Called “a runaway box office hit” at its premiere in 2009, Helgi Tomasson’s Swan Lake opens Program 06 on May 28, with performances through June 6. The story of the white swan Odette and Prince Siegfried and their foils, the black swan Odile and Von Rothbart, is brought to life with set and costume designs by Tony Award–winner Jonathan Fensom; lighting by Jennifer Tipton; projection design by Sven Ortel; hair, wig, and makeup design by Michael Ward; and the timeless score by Tchaikovsky, playing out over a prologue and three acts. Swan Lake offers standout roles for the corps of 30 swans and Odette/Odile, with her surprising 32 fouettés in the third act. San Francisco Ballet presented America’s first full-length production of Swan Lake in 1940, and this production of Swan Lake is Tomasson’s second; the ballet is not only a classic of the repertory, but an integral part of San Francisco Ballet’s history. It was last seen in the 2017 Repertory Season.

Program 07, June 18–27

Helgi Tomasson’s Romeo & Juliet closes the 2021 Repertory Season. Another signature work of the Company, Romeo & Juliet premiered during SF Ballet’s 1994 Repertory Season and is set to Sergei Prokofiev’s score. The full-length production features lighting design by Thomas R. Skelton and “opulent” (Los Angeles Times) Italian Renaissance designs by Jens-Jacob Worsaae. Included in Romeo & Juliet are the intricate and exhilarating sword-fighting scenes, which Martino Pistone choreographed in tandem with Tomasson. True to the era, characters fight with rapiers, daggers, and bucklers in tightly choreographed scenes requiring hours of rehearsal. Romeo & Juliet inaugurated Lincoln Center at the Movies: Great American Dance in 2015, when it was shown at cinemas nationwide. The ballet has been performed live at The John F. Kennedy Center for the Performing Arts, the Bolshoi Theatre (balcony pas de deux), and Segerstrom Center for the Arts. SF Ballet most recently performed Romeo & Juliet on tour at The Royal Danish Opera House in Copenhagen, Denmark, October 30–November 2, 2019.


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Initial thoughts:

  • Only 7 programs instead of the usual 8.
  • Excited that most of the cancelled programs will be returning next year.  The only ones not coming back are Millepied's Appassionata & Possokhov's Classical Symphony - but his Swimmer makes a most welcome return in Program 1.
  • Interesting that all the full-lengths will be in the second half of the season.
  • Also, no performances in April and most of May.  Perhaps to rehearse the last two programs (Swan Lake & Romeo & Juliet)?
  • Although I am happy to see Swan Lake again, it has been years since we've seen Giselle.  It was last performed in 2015.
  • New works from Myles Thatcher, Danielle Rowe (her first, not including the gala pieces), and Mark Morris.
  • To celebrate the 90th Season in 2023, a New Works Festival.  Wonder how many new works there will be and which choreographers will be involved.
Edited by sf_herminator
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I'm super glad most of the cancelled programs are returning!  Wonder what the reasoning was for backloading all the full-lengths.  They seem to be the big sellers, maybe it's with the hope that we'll have a COVID vaccine by then, so the later performances are less likely to get cancelled?

Really really glad to see a new work by Danielle Rowe.  

sf_herminator, you bring up a good point about Giselle - I generally prefer SFB's Giselle to Swan Lake.  I didn't realize it had been so long since they've last performed it!  Hoping they bring Giselle back soon.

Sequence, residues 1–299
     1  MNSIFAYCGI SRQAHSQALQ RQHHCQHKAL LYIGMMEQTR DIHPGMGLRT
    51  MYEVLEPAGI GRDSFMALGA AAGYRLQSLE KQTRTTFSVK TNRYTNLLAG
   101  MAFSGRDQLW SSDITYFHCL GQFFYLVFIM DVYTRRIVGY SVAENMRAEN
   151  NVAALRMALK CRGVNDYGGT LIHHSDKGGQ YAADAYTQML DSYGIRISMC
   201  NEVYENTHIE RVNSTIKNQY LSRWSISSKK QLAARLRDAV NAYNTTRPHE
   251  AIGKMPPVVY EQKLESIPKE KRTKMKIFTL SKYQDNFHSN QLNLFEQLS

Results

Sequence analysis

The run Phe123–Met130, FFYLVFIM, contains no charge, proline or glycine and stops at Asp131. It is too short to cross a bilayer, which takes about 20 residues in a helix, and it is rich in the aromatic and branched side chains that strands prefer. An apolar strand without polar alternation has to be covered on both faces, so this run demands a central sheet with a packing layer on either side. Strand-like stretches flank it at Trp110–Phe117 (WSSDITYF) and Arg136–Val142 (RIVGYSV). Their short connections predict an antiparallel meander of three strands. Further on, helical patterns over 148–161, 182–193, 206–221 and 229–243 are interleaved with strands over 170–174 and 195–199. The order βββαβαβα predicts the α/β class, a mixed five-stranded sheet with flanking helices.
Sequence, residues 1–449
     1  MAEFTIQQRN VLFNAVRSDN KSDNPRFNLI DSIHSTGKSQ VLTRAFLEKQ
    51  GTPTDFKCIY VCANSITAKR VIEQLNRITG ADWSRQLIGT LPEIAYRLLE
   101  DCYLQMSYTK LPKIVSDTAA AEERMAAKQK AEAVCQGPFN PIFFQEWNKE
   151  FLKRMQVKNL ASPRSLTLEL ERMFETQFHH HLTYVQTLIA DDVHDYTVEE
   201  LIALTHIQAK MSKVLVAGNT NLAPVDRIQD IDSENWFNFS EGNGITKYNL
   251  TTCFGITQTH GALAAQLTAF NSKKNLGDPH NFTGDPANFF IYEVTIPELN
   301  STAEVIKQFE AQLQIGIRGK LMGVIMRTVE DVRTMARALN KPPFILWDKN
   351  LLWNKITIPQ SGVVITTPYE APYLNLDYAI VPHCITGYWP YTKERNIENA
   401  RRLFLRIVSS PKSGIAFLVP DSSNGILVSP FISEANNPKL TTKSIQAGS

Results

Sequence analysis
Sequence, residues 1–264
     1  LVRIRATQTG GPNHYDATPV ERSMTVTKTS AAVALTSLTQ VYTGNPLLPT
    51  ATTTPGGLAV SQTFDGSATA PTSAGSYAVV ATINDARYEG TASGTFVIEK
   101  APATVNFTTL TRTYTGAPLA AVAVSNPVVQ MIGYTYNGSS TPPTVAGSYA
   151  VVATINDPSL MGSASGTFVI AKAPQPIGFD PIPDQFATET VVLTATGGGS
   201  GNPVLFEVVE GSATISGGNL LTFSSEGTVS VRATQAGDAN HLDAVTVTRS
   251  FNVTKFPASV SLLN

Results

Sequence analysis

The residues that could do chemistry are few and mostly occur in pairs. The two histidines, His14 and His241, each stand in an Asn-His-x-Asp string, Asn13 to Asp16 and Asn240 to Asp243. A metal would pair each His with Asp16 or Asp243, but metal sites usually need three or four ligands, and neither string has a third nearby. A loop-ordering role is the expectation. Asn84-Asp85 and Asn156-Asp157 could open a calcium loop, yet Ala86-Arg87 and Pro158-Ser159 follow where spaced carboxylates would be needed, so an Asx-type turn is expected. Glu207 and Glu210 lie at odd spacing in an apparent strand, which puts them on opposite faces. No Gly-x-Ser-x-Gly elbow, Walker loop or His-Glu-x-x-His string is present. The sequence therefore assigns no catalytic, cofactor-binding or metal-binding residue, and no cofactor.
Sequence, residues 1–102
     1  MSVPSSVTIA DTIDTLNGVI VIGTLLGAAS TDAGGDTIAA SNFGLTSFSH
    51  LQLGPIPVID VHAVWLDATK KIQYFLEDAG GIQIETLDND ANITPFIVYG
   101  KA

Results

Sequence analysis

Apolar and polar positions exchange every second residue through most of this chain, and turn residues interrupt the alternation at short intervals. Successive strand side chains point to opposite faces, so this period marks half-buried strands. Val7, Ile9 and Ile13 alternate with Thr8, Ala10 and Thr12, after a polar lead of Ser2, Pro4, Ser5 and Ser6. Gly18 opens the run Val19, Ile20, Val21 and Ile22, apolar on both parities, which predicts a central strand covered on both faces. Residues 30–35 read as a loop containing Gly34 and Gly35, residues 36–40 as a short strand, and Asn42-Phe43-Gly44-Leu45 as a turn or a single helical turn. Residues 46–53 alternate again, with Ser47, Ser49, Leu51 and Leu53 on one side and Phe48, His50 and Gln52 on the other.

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I like that the season is extending into June and that Program 3 has three ballets that I am eager to see multiple times.  I just checked the SF Opera website and they have cancelled their fall season and have three productions from April 25 to May 2.  SFO usually performs in the fall up to Nutcracker and then puts on three operas in June.  

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11 hours ago, Josette said:

I like that the season is extending into June and that Program 3 has three ballets that I am eager to see multiple times.  I just checked the SF Opera website and they have cancelled their fall season and have three productions from April 25 to May 2.  SFO usually performs in the fall up to Nutcracker and then puts on three operas in June.  

I agree about Program 3, but it disappoints me that there will be no overlap with another mixed rep program. It's not feasible for me to hang around the Bay Area for 13 days to catch Midsummer as well. I would have to schedule multiple trips in rapid succession to SF and that's often not doable for me.

Personally, I'm not interested in seeing Swan Lake again. I'm guessing that's being done for the younger generation of dancers, to give them a chance to cut their teeth on an old classic. But I agree with others that Giselle would have been a better choice given the amount of time that has passed since it has been performed in SF.

It's interesting that the season is being spread out into June. I can see that SF Opera will be using the WMOH during the month of April and early May. But I'm not sure what the opera will be doing in June and July, of 2021.

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6 minutes ago, pherank said:

I agree about Program 3, but it disappoints me that there will be no overlap with another mixed rep program. It's not feasible for me to hang around the Bay Area for 13 days to catch Midsummer as well. I would have to schedule multiple trips in rapid succession to SF and that's often not doable for me.

I had the same disappointment. Their overlapping schedules are normally a big attraction for out-of-towners like me.  The new "normal," I guess.

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I think the big question now is, will there be a digital streaming package offered? Or are they going to continue worrying that it will cut into live performance seats sold? [Even though there's little evidence that watching videos keeps people from attending live performances.]
I for one will definitely make an effort to see some shows in person, but SFB better find a way to bring me the performances/programs I can't make it to. I need to be able to view performances digitally as well.

Same with NYCB, ABT, PNB, etc.

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From a logistics perspective, holding the full lengths until the end may be wise to allow the company members to better socially distance themselves until there is (cross those fingers) a vaccine. Full lengths mean the entire company (and towards the end, crew and orchestra) is hanging out constantly.